Tuesday, September 25, 2012

Stereotypes in Sci fi (And How I Tried to Avoid Them) by Guest Blogger Aubrie Dionne

A great big welcome to the fantastic sci-fi author Aubrie Dionne!
Be sure to read all the way through and enter her giveaway at the bottom.

We’ve all seen the gray, scary aliens trying to dissect people, the clunky robots with little or no emotion, and the evil galactic empires ruling the universe with an iron fist. As a sci fi writer, I tried to avoid these common plot lines in my New Dawn series, and go against the associations people have with science fiction in general.

1. Scary/Evil Aliens 
Thanks to movies like The Thing, Alien, Mars Attacks, Predator, and others, aliens are evil power-hungry creatures that eat/dissect/kill people and take over the world.

Without giving too much away, the aliens in Haven 6 actually coexist with people. Called the Guardians, they live much longer than people and are able to keep the society’s long-term goals in mind from generation to generation. They are peaceful, intelligent creatures that often marvel at humanity's ability to feel and express emotion.

2. Robots 

Star Trek broke the mold with this one. Data wasn’t clunky at all, and he endeavored to understand emotions and develop his own. In Star Wars, C-3PO and R2-D2 have personalities and emotions, but they are reserved for comic relief.

In the New Dawn series, I play around with the idea of people connected to machines. They aren’t robots, because they are real living people, but they are not normal once they are connected to the machines. Each colony ship has people in varying stages of connection to the central processor on the ship. In Haven 6, the commander is a brain in a glass aquarium of pinkish liquid. She controls the ship, and the mission objectives. Some people whisper that being connected to the computer for so long without a body has made her crazy.

3. Evil Galactic Empires

This one, perhaps, is the most fun to write. You have instant bad guys. However, if you do create your own evil galactic empire, it has to be original, and very different from the one in Star Wars. Or that’s what people will think of. In the New Dawn series, the colony ships have lost contact with each other, so each ship has its own laws dictated by a book called the Guide. There is no evil ruler of them all, per se. But the commander of each ship does not favor democracy.

Are there some sci fi stereo types that I’ve left out? Let me know in the comments!

Thank you so much!

Haven 6

A product of an illegal pairing, Eridani is the only woman without a lifemate aboard the colonization ship, the Heritage, and she is determined her less than perfect DNA will not get in the way of finding love. As the ship nears it's final destination of Haven 6 after five hundred years of travel, images of the surface show evidence of intelligent life on a planet that's supposed to be uninhabited.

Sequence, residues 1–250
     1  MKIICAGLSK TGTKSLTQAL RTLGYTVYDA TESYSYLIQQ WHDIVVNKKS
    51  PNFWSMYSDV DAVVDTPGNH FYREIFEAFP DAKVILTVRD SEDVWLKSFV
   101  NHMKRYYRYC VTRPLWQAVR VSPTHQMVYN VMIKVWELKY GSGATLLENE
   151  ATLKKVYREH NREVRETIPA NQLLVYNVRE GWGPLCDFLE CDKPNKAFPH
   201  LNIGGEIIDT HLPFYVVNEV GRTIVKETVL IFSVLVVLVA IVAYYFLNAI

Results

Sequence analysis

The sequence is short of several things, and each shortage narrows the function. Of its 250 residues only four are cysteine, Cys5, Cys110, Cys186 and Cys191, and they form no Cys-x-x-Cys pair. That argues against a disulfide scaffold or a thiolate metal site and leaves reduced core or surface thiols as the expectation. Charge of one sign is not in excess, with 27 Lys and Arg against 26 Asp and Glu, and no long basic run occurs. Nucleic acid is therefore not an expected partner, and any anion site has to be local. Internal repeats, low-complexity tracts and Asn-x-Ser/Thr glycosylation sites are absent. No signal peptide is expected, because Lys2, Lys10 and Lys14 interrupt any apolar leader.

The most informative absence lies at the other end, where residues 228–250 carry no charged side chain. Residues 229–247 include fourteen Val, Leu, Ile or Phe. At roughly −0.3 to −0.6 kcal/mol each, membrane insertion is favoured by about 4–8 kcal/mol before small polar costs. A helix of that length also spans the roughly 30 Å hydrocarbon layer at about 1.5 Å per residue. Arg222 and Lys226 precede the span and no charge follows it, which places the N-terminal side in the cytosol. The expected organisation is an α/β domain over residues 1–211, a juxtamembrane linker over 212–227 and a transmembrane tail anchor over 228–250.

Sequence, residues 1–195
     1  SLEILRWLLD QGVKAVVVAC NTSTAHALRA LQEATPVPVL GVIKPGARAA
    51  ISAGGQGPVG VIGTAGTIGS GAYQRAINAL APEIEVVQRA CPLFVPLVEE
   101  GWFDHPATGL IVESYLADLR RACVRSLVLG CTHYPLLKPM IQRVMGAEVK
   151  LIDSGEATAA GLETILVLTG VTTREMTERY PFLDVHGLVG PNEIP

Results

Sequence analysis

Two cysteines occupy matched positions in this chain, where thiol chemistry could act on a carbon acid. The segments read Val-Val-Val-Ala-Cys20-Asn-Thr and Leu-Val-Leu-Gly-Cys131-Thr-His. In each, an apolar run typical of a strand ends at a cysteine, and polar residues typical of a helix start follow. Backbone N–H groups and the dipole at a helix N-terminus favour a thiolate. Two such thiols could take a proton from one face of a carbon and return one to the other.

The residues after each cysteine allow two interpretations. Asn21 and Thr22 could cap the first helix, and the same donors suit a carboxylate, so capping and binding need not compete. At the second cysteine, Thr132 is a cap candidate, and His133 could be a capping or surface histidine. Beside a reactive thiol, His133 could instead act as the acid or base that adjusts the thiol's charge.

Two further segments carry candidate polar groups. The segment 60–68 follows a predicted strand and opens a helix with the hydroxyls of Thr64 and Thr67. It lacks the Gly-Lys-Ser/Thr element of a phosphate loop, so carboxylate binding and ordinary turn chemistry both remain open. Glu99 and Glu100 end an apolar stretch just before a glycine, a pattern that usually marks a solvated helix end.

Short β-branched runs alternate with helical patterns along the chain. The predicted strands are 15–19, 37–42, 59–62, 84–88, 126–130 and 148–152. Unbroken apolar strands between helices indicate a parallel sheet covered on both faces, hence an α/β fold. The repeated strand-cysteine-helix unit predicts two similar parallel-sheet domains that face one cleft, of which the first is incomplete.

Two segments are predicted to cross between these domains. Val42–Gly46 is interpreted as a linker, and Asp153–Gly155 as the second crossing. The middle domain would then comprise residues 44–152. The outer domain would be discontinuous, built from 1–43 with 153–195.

Commander Grier assigns Eri to the exploratory team to spy on the alien society and return with information on how to defeat them. When Eri's team lands, tribes of humans attack and Eri is saved by Striver, the descendant of a colonist and a pirate from Old Earth's colonization efforts in other parts of the galaxy. Striver helps Eri rescue her team and they are drawn to each other despite their different allegiances. While Striver battles with trusting Eri, Eri must decide whether to warn him and his people about the commander's intentions, or follow orders and complete her mission.

Available soon on Amazon

Available Soon on Barnes and Noble

About the Author

Aubrie grew up watching the original Star Wars movies over and over again until she could recite and reenact every single scene in her backyard. She also loved The Goonies, Star Trek the Next Generation-favorite character was Data by far-, and Indiana Jones. But, her all time favorite movie was The Last Unicorn. She still wonders why the unicorn decided to change back to a unicorn in the end.

Aubrie wrote in her junior high yearbook that she wanted to be "A concert flutist" when she grew up. When she made that happen, she decided one career was not enough and embarked as a fantasy, sci fi author. Two careers seems to keep her busy. For now.

Now for the professional bio:

Aubrie Dionne is an author and flutist in New England. Her writings have appeared in Mindflights, Niteblade, Silver Blade, Emerald Tales, Hazard Cat, Moon Drenched Fables, A Fly in Amber, and Aurora Wolf. Her books are published by Entangled Publishing, Lyrical Press, and Gypsy Shadow Publishing. She recently signed her YA sci fi novel with Inkspell Publishing titled: Colonization: Paradise Reclaimed, which will release in November 2012. When she's not writing, Aubrie teaches flute and plays in orchestras. She's a big Star Trek TNG fan, as well as Star Wars and Serenity.



Aubrie said...

Thanks for hosting me!

Susan Gourley/Kelley said...

Great points about stereotyping. I think it's very easy to paint any big government organization as corrupt. Maybe it's the world we live in.

Ava Quinn said...

Sounds like a fun read, Aubrie!